Let me explain the problem in detail. Given the C# classes above, how do you express this notion of the include? You can’t use the Order model above, because that Customer property is going to of type DenormalizedReference. We can’t make that property of type Customer, either, because then the Customer data would be embedded inside the Order document, which isn’t what we wanted.

In the mailing list, there were a lot of proposal being raised, the one that seemed to be the most popular was to drop the 1:1 mapping between the C# model and the document model and move to something like this:

[RootAggregate]
public class Order
{
    public string Id { get; set; }
    public string Name { get; set; }
    public Customer Customer { get; set; }
}

[RootAggregate]
public class Customer
{
    public string Id { get; set; }
    [Denormalized]
    public string Name { get; set; }
    public string Email { get; set; }

}

And then make the client API smart enough to understand the attribute. The model above would generate the same documents as the previous model, but would allow much easier time when working on features such as this. This way, we can normally access the data that is embedded in the document, but also include the associated document when we need it.

There are several problems here:

  • This creates a misleading API, making people think that things are normalized when they aren’t.
  • It is going to bring back ALL the problems associated with lazy loading (worse, it is going to bring back all the problems associated with EF 1.0 lazy loading).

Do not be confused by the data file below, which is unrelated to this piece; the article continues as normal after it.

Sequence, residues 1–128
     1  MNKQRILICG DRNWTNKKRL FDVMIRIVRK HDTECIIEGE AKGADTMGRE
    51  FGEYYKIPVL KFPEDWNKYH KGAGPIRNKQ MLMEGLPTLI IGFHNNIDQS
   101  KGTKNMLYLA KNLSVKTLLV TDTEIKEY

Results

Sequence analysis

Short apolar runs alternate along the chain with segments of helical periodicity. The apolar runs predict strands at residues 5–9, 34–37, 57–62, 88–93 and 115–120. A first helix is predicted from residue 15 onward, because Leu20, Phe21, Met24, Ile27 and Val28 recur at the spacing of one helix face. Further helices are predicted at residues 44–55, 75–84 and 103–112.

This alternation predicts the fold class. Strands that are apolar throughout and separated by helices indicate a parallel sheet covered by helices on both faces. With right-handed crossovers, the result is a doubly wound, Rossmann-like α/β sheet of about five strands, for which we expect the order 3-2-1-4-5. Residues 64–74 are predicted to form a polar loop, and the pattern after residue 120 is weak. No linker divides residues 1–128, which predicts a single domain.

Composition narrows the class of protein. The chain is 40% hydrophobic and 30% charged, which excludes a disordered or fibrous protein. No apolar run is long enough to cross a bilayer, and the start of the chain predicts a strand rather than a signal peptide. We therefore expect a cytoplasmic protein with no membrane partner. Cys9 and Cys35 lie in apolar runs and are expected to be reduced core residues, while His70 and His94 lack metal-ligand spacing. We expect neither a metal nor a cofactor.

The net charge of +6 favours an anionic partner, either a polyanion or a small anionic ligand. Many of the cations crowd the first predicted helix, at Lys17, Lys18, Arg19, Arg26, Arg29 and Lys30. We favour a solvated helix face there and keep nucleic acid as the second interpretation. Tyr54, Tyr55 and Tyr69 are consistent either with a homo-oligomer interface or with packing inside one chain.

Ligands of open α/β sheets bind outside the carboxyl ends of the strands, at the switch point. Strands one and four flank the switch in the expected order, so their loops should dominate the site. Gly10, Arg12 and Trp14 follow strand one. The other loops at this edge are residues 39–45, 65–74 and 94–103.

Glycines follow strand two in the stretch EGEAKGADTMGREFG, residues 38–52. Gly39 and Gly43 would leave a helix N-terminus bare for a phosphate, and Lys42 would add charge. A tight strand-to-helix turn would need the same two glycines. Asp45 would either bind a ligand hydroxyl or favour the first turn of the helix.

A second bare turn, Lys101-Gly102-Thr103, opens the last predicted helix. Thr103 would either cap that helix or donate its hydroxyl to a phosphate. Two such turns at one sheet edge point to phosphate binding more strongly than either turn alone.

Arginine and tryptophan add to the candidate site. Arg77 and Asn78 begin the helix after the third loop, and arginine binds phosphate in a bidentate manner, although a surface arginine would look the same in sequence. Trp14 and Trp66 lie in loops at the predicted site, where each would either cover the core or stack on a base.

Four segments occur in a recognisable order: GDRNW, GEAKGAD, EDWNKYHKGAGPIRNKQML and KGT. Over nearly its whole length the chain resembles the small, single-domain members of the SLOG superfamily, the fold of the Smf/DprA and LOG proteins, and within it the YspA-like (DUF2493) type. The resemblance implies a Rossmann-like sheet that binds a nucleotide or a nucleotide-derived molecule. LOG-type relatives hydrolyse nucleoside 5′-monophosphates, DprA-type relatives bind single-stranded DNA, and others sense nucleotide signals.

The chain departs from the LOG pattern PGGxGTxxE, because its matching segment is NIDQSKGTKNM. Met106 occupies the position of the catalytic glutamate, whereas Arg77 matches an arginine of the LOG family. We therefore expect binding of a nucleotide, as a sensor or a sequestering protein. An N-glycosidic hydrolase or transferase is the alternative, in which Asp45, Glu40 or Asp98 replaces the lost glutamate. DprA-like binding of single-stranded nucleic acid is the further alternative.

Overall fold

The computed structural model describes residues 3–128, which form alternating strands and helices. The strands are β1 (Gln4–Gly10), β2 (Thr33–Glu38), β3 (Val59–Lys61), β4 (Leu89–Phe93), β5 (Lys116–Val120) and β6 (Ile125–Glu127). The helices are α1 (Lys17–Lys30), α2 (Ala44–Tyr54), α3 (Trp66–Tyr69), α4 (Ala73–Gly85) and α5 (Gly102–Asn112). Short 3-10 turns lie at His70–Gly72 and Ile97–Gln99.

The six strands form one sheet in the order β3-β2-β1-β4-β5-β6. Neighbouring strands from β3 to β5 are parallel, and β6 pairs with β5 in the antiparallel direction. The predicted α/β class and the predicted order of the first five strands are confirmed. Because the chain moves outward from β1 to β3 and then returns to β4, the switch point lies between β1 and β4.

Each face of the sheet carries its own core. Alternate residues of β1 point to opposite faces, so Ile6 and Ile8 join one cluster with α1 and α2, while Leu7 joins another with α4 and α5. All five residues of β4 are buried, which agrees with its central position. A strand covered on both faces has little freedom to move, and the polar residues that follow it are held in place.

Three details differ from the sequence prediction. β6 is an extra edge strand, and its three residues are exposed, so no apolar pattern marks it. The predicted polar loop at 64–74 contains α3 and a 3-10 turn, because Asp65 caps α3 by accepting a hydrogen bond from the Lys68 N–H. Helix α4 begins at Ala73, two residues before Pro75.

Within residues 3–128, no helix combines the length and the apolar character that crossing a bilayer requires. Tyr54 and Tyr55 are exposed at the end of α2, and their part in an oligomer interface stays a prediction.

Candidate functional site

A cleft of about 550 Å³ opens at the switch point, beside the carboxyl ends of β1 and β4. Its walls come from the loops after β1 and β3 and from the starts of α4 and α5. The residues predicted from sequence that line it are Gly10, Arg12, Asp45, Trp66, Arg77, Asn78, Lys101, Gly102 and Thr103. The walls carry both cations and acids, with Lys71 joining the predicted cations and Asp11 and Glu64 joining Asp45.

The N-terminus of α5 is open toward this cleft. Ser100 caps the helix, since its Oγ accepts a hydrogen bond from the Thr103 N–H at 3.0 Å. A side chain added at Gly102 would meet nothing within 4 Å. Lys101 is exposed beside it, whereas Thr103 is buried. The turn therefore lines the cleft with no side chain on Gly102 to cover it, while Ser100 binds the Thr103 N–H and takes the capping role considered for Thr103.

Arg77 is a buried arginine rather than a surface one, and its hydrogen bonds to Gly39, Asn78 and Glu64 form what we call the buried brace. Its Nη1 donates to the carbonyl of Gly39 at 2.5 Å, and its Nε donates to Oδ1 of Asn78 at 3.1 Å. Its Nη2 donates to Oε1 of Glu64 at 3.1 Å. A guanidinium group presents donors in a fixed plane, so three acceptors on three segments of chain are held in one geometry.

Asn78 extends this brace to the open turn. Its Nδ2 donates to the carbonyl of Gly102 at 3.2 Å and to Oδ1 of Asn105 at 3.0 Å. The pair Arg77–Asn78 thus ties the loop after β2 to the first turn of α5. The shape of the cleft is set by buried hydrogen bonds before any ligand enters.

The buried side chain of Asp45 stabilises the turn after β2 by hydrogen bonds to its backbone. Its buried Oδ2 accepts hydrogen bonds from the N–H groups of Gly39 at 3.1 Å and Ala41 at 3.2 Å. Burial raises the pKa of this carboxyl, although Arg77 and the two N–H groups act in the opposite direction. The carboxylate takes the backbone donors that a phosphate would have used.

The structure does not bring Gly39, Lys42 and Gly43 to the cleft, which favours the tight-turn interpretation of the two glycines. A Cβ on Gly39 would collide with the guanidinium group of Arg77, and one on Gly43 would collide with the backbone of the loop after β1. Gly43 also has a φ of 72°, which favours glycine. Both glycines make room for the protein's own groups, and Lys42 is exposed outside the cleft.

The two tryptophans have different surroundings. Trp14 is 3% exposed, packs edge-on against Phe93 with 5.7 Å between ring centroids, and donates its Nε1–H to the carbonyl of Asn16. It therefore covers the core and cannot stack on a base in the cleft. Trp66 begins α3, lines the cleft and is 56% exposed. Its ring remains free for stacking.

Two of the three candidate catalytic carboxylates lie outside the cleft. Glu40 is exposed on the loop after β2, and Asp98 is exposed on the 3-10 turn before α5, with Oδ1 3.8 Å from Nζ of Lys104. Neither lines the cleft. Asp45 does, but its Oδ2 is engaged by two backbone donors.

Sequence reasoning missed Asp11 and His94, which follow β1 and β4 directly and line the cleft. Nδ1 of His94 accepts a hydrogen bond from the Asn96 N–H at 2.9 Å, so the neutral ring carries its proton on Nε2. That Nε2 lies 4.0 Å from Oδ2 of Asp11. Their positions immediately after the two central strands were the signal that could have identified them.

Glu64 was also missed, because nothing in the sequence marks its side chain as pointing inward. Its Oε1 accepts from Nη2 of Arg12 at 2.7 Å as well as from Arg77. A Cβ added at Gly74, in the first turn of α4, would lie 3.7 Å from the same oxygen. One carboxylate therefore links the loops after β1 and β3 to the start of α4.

• It goes directly against the way I believe you should work with a document database.

But I couldn’t think of any other way, nor could anyone else.

Until Frank Schwieterman come to our rescue:

Maybe rather then join the documents into one result, such a request would cause the 'joined' entities to be preloaded instead.
From the client API perspective, I would load do the joined load of the user object, and the user is returned in its original form.  But now the session has the customer object preloaded, so when I try to load the customer object via the client API no request is made to the server.  From the caller's perspective, the only change to usage has been the preload hint passed in the original request.

Yes!

The problem was (from my perspective) never with the way the model is structured, the problem was that the way the documents were model caused a performance problem. Frank’s suggestion completely eliminated that issue.

It took some interesting coding to get it to work properly, but essentially, it is just an application of the Future usage for loading large object graph in NHibernate. Now we can do:

var order = session
    .Include("Customer.Id")
    .Load<Order>("orders/1");

var customer = session.Load<Customer>(order.Customer.Id);

And this code will only go to the server once!

We get to keep the separate model, and we can manipulate how we are loading associations easily. I really like this solution.

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  8. (04 May 2016) I’ll find who is taking my I/O bandwidth and they SHALL pay